And so went our pre-show ritual. You know, I really didn’t have much of an affinity to my middle name—Claire—until I heard my scene partner pronounce it with the affect of a certain Kevin Spacey. The comical whiteness of our pre-show exchange reflected the blinding whiteness of our onstage relationship, and though I was purported to be the biracial one in this theatrical treatise on privilege, you wouldn’t have known by our off-stage antics.

Rather, the grounding came from within. Never had I been so readily handed a role so excruciatingly close to my own life experience. Never had I felt the scrapes and chafing between two worlds grinding within the life of my own character. There was no charade of essentialized performance to represent a whole race. There was no mindless exposition to establish my Otherness—or any other character’s Otherness for that matter. There was only the awkwardness of my character’s earnest allyship—an assimilated mind inside of a mixed brown body.

I wandered around the concrete grounds of our warehouse-turned-theatre space barefoot, alternatively sounding off vocal warm-ups and dropping into a squat to ensure my body was warm. The summer heat in Santa Barbara warmed the pavement, electrifying an already grueling, ecstatic rehearsal process. The audience would be let in the gate any moment—best stay out of sight. Behind the brick walls of our warehouse performance space, I clasped my hands together and let out a giant squeal. I would be seen that night in a role that mirrored exactly the woman I’ve made myself to be. For any other regular, highly-castable actor that might be boring, passé. For this hapa, a revelation.

To recount the complexities of a play on privilege would take volumes. Was the show selected and produced out of white guilt, or was it something Santa Barbara audiences truly needed to hear? Was it fair that a play written by a white man for the contemplation of white audiences asked so much emotional labor of the female black character that the plot so heavily hinged upon? Was my character simply the token Asian, or was the fact of her biracial-ness, her performative whiteness, or her desperate efforts at allyship something of an abrogation in of itself?

“Racism is a white person’s problem.”

My scene partner donned a loud pink button down, and in the corner another colleague a pale yellow polo. Next to me, Sarai wrapped her locks with a flourish while I ironically put in little almond-eyed bobble earrings (a signifier of my character’s internalized racism). Random lines of dialogue zipped through the air—belted, screeched, recited presto, soliloquized melodramatically. We’d worked damn hard to earn that green room. Just two weeks before, we were stumbling around with binders, tripping over overlapping dialogue. Now, on the precipice of opening night with a tight, two hour and fifteen minute show firmly within our grasp, we looked back at our tattered scripts with sheer disbelief. Abortion, emotional labor, systemic racism, unconscious bias, militant feminism, performative allyship, white East Coast liberalism—we’d entered into the beast, surrendered ourselves to nearly two hundred pages of eviscerating dialogue, and come out the other end more polished perhaps even more whole human beings.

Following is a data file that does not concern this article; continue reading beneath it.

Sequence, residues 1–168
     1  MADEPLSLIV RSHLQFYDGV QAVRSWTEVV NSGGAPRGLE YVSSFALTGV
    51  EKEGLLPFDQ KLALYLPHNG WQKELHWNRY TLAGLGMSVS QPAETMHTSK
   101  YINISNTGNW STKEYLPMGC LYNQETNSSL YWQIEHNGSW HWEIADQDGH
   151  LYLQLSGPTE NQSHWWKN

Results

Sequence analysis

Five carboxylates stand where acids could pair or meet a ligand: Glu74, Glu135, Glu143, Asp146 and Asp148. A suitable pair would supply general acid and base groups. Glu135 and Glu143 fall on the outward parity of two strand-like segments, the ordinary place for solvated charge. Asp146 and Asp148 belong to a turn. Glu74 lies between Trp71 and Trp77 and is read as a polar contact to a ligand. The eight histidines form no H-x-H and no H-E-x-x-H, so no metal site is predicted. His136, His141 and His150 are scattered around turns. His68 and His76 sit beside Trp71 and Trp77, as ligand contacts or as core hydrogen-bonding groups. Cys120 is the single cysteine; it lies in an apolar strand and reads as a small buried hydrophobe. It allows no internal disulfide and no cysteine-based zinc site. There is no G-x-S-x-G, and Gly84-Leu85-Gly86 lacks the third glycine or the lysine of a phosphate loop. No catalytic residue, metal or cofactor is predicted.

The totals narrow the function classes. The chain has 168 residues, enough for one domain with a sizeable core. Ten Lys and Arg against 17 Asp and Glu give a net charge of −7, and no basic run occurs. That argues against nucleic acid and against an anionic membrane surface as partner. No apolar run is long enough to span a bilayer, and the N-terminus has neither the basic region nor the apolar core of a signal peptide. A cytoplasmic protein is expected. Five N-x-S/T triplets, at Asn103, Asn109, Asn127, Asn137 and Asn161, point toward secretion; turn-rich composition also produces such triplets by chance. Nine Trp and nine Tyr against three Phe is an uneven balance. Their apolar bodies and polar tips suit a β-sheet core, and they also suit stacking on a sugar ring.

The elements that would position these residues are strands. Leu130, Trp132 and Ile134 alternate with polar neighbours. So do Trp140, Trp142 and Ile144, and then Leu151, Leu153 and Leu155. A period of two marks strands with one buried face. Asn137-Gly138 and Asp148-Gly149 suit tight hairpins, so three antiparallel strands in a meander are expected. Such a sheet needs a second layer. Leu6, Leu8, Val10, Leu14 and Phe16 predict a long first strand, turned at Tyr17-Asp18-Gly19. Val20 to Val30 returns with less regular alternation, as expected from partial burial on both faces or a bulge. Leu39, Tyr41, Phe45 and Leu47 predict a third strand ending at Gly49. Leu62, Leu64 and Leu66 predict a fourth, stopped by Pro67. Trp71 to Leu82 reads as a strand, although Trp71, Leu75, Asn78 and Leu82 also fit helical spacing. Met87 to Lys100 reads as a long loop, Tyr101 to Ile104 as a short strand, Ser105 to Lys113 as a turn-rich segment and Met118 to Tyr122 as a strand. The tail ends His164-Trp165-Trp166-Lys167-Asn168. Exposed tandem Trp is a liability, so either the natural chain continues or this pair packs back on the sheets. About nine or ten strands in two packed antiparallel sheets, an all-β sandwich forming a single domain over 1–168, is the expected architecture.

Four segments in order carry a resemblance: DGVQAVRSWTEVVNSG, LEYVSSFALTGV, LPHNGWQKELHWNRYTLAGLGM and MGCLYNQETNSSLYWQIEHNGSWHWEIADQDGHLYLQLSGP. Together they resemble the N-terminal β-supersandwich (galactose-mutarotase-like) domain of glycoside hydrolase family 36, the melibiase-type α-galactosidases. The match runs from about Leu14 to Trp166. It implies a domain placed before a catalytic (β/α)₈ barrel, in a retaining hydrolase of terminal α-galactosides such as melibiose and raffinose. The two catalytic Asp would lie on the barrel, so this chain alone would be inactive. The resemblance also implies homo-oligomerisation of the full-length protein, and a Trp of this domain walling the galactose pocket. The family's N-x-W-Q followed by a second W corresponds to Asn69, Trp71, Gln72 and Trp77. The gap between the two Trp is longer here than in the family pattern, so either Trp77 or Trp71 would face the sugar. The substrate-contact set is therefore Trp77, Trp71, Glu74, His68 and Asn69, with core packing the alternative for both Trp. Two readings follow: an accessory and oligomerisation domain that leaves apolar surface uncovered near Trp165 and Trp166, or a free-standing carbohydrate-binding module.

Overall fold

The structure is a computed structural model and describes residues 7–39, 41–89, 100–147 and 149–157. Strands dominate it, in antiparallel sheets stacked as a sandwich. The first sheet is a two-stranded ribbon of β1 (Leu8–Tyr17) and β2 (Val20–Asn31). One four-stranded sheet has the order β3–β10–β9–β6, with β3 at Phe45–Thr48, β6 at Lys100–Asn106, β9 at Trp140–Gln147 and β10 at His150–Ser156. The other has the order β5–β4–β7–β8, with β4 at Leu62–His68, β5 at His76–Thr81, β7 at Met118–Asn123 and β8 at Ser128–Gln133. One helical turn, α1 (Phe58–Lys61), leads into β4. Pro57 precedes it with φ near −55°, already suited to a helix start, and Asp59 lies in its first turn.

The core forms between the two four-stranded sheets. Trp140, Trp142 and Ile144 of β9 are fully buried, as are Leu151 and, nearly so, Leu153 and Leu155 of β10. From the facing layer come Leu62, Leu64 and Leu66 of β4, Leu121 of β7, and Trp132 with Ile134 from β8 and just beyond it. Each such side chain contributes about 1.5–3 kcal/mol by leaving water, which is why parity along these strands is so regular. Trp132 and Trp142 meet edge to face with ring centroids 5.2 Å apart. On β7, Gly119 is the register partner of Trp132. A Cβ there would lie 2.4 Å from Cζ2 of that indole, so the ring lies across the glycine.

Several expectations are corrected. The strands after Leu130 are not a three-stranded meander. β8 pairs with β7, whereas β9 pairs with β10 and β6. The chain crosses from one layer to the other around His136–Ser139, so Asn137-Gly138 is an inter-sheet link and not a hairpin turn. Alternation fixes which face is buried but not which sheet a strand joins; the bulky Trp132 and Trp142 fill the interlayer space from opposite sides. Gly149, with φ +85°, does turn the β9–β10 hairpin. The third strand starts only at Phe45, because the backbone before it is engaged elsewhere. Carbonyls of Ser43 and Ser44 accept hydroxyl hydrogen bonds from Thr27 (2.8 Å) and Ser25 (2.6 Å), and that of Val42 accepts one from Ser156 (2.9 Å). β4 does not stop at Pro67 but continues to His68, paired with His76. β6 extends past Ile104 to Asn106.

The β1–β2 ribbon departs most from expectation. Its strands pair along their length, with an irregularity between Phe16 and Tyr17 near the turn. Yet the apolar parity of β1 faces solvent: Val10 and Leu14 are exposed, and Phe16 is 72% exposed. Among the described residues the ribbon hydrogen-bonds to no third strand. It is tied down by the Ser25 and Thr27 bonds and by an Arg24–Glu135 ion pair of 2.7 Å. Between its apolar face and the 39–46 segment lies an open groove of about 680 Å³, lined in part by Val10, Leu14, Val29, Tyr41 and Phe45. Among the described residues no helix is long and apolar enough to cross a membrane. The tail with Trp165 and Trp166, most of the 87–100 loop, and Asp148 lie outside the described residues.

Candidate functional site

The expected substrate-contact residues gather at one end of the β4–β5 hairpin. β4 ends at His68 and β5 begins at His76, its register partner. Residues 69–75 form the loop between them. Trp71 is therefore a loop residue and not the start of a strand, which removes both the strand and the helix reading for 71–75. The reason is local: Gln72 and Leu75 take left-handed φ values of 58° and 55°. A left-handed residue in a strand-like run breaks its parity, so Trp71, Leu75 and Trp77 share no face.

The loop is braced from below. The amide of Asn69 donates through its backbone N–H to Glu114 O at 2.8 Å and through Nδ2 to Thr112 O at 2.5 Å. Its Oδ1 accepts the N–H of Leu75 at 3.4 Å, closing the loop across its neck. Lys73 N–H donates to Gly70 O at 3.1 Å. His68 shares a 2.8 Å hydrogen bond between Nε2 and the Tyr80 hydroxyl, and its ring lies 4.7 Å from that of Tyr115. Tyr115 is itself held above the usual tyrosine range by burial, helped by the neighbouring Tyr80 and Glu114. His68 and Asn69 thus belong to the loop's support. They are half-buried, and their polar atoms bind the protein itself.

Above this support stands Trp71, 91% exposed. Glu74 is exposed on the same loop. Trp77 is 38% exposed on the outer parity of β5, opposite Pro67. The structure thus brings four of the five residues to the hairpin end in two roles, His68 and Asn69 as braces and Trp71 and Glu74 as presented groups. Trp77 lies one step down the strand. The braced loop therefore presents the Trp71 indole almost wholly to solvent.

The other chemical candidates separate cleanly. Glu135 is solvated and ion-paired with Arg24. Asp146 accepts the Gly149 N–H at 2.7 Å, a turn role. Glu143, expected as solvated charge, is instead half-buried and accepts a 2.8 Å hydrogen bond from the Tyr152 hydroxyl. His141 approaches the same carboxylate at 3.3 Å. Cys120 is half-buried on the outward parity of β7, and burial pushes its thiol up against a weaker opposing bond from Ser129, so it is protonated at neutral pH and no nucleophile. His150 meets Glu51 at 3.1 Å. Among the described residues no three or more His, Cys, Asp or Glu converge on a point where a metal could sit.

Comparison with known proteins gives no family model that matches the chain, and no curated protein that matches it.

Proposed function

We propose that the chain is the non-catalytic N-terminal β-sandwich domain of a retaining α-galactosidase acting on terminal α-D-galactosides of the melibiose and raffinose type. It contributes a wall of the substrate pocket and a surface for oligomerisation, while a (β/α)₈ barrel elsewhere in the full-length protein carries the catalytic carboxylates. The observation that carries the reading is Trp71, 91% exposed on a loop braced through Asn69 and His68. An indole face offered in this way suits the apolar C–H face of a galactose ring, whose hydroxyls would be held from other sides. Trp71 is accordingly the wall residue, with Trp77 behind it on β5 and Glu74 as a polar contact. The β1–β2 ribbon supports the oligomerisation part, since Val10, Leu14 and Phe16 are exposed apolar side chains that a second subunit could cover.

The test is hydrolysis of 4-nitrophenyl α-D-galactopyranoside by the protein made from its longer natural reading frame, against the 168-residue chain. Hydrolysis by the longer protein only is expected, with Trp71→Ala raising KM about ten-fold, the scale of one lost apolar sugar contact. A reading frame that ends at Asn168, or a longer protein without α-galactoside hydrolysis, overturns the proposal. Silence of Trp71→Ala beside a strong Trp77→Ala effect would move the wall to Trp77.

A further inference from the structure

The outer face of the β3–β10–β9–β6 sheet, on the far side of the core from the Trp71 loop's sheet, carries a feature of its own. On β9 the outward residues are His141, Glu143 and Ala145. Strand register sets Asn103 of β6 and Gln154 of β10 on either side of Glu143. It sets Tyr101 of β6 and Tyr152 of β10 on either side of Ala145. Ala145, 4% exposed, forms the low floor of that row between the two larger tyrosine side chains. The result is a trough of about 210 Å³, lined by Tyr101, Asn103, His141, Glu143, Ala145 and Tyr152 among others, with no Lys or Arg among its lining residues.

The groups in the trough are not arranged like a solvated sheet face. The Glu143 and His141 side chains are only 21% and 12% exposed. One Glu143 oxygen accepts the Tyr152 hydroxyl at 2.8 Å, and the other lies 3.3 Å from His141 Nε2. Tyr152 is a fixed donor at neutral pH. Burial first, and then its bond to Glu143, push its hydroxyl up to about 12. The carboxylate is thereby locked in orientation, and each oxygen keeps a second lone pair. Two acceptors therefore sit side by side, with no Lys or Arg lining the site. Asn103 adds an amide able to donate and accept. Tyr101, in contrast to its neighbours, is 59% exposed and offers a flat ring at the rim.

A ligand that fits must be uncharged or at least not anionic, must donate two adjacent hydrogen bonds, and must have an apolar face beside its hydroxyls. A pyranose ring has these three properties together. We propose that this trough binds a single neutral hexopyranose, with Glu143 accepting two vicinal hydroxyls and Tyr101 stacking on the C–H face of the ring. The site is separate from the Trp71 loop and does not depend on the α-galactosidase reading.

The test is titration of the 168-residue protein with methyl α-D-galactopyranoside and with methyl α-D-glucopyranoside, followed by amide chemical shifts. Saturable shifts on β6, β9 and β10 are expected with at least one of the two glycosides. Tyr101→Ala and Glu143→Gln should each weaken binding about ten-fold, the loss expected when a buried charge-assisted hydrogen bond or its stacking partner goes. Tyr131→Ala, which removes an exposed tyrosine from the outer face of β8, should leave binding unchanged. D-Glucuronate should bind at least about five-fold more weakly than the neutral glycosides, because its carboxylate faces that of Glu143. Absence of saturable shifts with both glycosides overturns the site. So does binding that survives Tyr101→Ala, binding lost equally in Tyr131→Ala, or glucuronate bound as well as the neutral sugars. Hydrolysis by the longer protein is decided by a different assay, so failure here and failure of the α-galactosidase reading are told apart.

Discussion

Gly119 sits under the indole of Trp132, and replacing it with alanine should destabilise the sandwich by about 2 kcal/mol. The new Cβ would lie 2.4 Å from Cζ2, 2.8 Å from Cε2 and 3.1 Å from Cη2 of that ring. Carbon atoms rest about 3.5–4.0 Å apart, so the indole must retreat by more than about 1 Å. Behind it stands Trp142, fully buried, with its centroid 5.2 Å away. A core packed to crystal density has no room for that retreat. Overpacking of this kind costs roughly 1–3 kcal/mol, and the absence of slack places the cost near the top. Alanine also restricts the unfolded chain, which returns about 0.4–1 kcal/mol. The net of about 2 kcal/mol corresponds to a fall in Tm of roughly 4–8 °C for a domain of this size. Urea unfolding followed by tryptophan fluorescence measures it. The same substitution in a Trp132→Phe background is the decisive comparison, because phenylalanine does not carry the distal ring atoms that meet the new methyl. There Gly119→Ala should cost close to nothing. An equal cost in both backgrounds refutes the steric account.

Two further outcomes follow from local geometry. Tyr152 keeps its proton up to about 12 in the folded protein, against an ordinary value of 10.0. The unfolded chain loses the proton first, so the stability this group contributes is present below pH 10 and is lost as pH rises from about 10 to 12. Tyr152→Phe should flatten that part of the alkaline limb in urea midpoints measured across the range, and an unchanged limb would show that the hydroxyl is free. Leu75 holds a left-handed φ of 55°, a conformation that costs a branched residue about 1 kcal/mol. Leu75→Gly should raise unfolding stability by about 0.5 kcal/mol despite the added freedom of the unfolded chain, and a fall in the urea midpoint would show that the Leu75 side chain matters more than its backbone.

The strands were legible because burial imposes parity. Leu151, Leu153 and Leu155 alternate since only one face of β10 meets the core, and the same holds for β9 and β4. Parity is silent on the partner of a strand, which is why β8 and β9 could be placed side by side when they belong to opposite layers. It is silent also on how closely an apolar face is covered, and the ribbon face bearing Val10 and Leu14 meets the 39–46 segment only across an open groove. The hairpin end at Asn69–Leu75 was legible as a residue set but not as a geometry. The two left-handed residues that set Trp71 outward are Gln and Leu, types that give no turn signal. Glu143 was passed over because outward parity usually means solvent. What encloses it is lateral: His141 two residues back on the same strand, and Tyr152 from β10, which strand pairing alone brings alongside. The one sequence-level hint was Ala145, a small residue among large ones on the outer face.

And yet, in a show so devoted to calling out the problem of privilege, there was a shocking lack of discussion amongst castmates about how the play was working on or calling out each of us. No check-ins, no discussions, no revelations. In the whirlwind that was our socially-minded season, we’d failed the most basic function of self-care: collectively processing how the play was massaging its way into our psyches.

I’d attempted, much like my character, to signal allyship with my black castmate by taking her to lunch and complaining about these deficiencies, but to little avail. Later on I would find that she and I had wildly different coping strategies: I dealt with the proverbial silence by filling it with chatter about my experience. She did just the opposite. After all, why open yourself to your castmates only to make them more uncomfortable with their experiences? Why not just get on with what we can all agree on—a phenomenal text—and assume we’ll all leave the production better humans for it?

In that way, the effects of the play proved wildly ironic.

And yet, here we were—drunk on summer heat, reeling from adrenaline, only a bit worse for wear. The emotional bruises might not have manifested until weeks afterward, but in that moment, we threw ourselves into the work. The good work we’d waited all year for, besides.

A loud joke about spiking the prop wine, a slight panic about where Evan had put his “German dungeon porn” card, and suddenly it was a half-hour later. The sun had vanished behind the pristine white façade of Santa Barbara’s downtown, the audience had settled, and the door to the space awaited us.

“Go out there and slay.”

I made eye contact with my partner, whisper “merde” under my breath, and let my body and my character become one.



About the Author: Lindsey is a playwright and theatre maker based in Santa Barbara, CA.